All of fanfic is shit. Not most. Other than that, I agree whole-heartedly.

        Consider this, none of those authors are now or will ever be published by a reputable publishing house (note, I say reputable, vanity presses will press any piece of shit).

        Fan fiction is the realm of the third or fourth rate writer. They are neither well-versed in their native language to make it interesting nor imaginative enough to create original stories. That is why most fan fiction descends into softcore pornogra
        • ...it seems the only good fanfics are the ones that center around stories and characters that had poor writing behind them anyway. Basically it functions as a bridge to the audience; you go in already knowing something about the background and the characters, and presumably the author has a new angle or bone to pick and would like to "sell you" that.
          Writers scratching an itch.

          And if the fics are good, then the authors are already writers of original work that is popular on their own merits. This is just a w
      • by Rei ( 128717 )
        It's not limited to fanfic. Too many wannabe writers are seemingly incapable of having originality. Right now, agents who take fantasy authors are getting flooded with stories about dragons and dragon riders because of Eragon. After The DaVinci Code came out, DaVinci/church conspiracy stories were all the rage in the slush pile. And so on. Some people seem incapable of avoiding following trends.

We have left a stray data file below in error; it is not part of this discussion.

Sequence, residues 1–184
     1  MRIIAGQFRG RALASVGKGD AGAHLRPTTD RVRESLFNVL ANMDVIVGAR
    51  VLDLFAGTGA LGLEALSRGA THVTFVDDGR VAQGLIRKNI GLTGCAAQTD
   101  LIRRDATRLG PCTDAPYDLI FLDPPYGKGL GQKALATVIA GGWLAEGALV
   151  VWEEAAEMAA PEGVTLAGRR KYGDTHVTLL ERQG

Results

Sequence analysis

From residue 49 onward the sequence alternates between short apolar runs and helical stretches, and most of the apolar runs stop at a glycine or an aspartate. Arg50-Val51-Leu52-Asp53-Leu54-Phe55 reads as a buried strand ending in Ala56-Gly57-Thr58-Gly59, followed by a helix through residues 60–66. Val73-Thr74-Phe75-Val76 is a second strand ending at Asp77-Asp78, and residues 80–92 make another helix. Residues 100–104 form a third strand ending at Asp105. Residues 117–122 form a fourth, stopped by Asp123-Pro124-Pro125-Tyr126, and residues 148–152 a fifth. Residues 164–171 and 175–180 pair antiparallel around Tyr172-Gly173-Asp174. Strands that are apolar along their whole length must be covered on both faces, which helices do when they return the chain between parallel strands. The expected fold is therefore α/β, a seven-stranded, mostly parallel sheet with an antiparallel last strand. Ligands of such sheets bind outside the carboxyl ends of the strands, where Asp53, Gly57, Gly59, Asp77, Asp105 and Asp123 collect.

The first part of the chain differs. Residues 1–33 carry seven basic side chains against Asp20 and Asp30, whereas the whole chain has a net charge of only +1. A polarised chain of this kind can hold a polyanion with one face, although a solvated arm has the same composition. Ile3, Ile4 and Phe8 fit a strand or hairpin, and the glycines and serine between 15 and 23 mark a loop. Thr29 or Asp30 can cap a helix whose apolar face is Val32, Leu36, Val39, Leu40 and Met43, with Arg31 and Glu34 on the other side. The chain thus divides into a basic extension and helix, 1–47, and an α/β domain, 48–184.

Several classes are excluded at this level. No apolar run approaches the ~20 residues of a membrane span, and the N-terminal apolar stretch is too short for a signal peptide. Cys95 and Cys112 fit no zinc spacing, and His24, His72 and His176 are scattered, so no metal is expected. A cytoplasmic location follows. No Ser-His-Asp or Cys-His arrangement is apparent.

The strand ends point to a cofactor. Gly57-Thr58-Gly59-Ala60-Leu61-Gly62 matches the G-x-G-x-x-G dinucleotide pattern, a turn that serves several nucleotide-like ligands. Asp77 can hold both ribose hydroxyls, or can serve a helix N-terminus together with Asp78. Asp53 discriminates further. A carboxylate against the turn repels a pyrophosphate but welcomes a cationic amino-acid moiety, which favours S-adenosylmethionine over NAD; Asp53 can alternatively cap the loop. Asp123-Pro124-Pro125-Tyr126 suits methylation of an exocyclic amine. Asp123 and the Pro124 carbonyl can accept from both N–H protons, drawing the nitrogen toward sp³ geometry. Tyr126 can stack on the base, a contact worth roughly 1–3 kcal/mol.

Yes, spinoffs of trends do happen. They're often done on contract by established authors with a rushed timel
    • My brain hit a speedbump when I saw that quote. Women writing Star Trek fanfic?? I never met any at the Star Trek cons back in the seventies. In fact, I never saw any women at the conventions.

      Come to think about it, I never saw them camping out for the Star Wars movies either. Where are they?? A million nerds want to know.
      • by AJWM ( 19027 )
        Where are they??

        Hiding, because...

        A million nerds want to know.

        Seriously, I remember my high school GF and some of her friends wrote fanfic, very early 70s. I don't recall much Trek, there was also "Department S", "The Champions", and some other Brit shows that hit Canadian TV around then.
  • by Shadow Wrought ( 586631 ) * <shadow@wrought.gmail@com> on Wednesday May 30, 2007 @05:14PM (#19328813) Homepage Journal
    But these are the numbers off the front page for quantity:
    1. Harry Potter (514)
    2. Stargate: SG-1 (159)
    3. CSI (153)
    4. Supernatural (153)
    5. Stargate: Atlantis (140)
    6. Star Wars (136)
    7. Buffy: The Vampire Slayer (135)
    8. Battlestar Galactica: 2003 (115)
    9. X-Men: The Movie (107)
    10. Original Fandom (103)
    11. Thunderbirds (94)
    12. West Wing (92)
    13. Lord of the Rings (86)
    14. Gilmore Girls (85)
    15. Star Trek: Enterprise (84)
    16. Pirates of the Caribbean (76)
    17. X-Men: Evolution (62)